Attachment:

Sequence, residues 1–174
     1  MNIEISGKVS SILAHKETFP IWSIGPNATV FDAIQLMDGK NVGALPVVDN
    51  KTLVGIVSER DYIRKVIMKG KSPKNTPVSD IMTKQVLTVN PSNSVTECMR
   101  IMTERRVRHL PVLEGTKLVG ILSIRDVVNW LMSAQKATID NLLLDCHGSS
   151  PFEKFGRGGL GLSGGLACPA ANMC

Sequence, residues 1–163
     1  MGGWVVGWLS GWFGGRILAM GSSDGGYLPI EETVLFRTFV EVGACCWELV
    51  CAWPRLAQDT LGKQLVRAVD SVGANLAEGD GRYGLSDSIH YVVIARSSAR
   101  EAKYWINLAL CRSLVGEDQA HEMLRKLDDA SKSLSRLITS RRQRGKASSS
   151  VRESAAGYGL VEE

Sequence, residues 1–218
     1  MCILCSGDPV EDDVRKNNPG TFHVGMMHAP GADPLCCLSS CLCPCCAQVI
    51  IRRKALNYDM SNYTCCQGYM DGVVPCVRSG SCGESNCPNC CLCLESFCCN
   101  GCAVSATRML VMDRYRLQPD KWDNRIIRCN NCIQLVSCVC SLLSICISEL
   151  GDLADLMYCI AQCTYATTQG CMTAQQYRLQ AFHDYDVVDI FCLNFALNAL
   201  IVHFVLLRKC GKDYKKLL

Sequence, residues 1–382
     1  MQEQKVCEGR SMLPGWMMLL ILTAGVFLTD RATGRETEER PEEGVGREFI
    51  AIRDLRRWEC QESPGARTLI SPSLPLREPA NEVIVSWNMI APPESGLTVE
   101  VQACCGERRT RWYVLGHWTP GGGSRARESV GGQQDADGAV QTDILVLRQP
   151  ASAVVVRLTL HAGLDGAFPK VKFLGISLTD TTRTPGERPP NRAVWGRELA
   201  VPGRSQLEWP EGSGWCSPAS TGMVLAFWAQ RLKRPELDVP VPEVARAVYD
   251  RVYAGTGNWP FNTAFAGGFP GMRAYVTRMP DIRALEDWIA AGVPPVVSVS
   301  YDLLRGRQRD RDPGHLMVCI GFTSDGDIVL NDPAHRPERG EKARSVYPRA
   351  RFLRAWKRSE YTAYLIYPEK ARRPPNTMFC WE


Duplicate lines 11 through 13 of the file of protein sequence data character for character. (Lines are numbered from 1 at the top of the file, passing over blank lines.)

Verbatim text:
Sequence, residues 1–218
     1  MCILCSGDPV EDDVRKNNPG TFHVGMMHAP GADPLCCLSS CLCPCCAQVI
    51  IRRKALNYDM SNYTCCQGYM DGVVPCVRSG SCGESNCPNC CLCLESFCCN